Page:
In a recent Teachers Union of Ireland (TUI) meeting held in Cork, the recruitment of teachers was a major issue that was discussed over the three-day conference.

“Recruitment of teachers is now a problem for all kinds of reasons,” said Donal McElligott the TUI Area Representative Cork.

A TUI study on the scale of the recruitment problem showed 91% of Irish schools were experiencing teacher recruitment difficulties, while 61% admitted they had problems retaining teachers. In all, 71% of schools surveyed said they had advertised positions over the previous six months for which no teacher applied.

A key reason for this issue is the masses of young Irish graduates leaving this country in their droves. Irish qualifications are held in high regard in Australia and are recognised in every territory.

Recently a secondary school teacher spoke about our young teachers moving to Australia on Newstalk. He described his profession as “getting more and more challenging” due to the rising cost of living and said that he completely understood why so many of his peers are willing to make the move.

“It’s definitely very lucrative in relation to what’s being offered. Great opportunities, and I always said as a country, we’re great at educating people but, at the same time, we’re just as good at getting them to jump on the next boat or plane,” he said.

Similarly, I know others who have sought refuge in the likes of Dubai, teaching over there on a tax-free salary, while the rest of us are punished by the taxman for working two jobs. Even though that’s all we can do to survive.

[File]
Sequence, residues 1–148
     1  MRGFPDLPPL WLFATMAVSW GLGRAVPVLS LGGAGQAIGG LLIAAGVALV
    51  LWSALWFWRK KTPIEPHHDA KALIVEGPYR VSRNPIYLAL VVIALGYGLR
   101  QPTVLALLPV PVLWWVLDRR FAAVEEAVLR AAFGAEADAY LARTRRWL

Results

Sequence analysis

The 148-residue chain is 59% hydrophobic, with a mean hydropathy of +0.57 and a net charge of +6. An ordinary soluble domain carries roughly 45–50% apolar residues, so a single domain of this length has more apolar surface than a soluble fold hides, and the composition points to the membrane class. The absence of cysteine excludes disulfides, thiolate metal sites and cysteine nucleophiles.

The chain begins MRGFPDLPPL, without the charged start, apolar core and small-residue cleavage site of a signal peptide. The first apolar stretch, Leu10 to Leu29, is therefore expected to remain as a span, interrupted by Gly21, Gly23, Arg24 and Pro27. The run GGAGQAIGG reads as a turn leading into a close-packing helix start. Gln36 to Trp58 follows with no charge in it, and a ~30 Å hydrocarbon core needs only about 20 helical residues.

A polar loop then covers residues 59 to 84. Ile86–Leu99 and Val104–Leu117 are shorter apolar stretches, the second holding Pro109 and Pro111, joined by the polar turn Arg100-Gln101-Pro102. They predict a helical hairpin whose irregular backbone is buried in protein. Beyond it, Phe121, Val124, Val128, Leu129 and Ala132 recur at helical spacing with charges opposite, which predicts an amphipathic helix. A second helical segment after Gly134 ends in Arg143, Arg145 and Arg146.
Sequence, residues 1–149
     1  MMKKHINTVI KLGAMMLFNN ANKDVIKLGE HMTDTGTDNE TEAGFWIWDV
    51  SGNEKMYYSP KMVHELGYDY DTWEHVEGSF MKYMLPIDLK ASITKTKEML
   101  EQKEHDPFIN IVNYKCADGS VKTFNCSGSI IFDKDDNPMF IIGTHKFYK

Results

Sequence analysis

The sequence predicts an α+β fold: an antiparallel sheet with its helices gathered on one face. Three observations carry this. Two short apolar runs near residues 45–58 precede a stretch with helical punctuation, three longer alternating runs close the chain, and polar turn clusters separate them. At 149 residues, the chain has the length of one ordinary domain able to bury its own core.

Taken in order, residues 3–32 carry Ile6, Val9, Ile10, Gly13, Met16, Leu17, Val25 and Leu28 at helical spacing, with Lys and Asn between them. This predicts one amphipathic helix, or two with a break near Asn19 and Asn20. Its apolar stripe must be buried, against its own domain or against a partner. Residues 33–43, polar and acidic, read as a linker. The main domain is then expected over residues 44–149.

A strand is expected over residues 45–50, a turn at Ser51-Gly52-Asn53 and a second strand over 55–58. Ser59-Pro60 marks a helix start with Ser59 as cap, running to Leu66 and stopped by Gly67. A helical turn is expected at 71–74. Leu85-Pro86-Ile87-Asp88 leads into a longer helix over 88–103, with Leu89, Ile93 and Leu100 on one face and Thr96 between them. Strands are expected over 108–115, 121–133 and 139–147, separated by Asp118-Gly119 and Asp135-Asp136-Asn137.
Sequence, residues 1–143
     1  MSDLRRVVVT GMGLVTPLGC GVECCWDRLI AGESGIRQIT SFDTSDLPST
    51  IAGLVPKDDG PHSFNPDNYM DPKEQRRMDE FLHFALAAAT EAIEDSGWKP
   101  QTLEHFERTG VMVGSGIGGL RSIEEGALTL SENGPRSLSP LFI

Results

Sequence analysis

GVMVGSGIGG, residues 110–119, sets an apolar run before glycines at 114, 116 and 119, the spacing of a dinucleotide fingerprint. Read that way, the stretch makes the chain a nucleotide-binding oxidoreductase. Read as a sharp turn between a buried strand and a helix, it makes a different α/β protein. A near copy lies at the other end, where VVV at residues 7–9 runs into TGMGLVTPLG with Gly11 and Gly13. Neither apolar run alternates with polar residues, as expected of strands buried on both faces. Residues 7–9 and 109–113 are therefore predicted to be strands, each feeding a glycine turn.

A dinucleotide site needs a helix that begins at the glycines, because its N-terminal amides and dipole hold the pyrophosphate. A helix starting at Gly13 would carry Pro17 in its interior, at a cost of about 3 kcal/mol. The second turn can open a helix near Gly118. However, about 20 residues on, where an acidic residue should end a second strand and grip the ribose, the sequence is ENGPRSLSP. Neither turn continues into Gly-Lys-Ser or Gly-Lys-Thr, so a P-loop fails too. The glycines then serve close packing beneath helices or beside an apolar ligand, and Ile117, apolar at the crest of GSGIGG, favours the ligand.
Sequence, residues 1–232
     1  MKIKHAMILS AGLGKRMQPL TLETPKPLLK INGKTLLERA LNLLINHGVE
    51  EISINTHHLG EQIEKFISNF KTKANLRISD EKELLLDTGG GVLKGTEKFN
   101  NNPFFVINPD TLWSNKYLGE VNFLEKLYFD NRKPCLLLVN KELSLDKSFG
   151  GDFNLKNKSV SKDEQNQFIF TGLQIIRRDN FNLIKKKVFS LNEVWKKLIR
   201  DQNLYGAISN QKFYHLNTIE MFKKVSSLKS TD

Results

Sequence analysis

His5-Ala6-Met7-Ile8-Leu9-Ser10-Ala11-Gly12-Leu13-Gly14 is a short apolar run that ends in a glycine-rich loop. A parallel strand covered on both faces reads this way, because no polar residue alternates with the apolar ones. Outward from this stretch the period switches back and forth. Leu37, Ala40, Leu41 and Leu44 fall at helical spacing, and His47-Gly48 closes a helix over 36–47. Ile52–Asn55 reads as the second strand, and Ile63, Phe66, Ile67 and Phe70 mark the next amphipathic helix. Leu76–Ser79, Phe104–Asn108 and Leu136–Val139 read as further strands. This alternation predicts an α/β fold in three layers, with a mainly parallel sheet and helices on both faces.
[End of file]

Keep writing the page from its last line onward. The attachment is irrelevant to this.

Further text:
The truth is, Ireland isn’t a place for young people anymore. How can we hope to build a future, start a family and buy a home when our rent is crippling us?

In secondary school and college, you are trained in skills for the workplace and how to find a job. Colleges and universities in this country are now welcoming more and more students, handing out degrees like a conveyor belt. But no one tells you that your entry level salary won’t even keep a roof over your head anymore. Holding my certificate over my head would nearly be a better way to protect me from the rain.

Sure, the weather in Oz is definitely a plus but ultimately the call from Down Under sounds less like sun and surf and more like a sigh of relief. How can Ireland continue to suffocate its youth and then wonder why there are no teachers, no nurses and no future?

Having studied abroad for a period myself, I have seen how other countries treat their young people. They are nurtured and have hope of a promising future, not left frustrated and wondering how long they can continue on like this.

Right now, for many, it is sink or swim and it seems swimming far and fast is the best option on this sinking ship.

Ireland will always be home. I will always love it here, as will my friends and others across the country who packed their suitcases with a lifetime supply of teabags and said goodbye through teary eyes at the airport terminal. Sadly, as the saying goes, ‘love just doesn’t pay the bills’.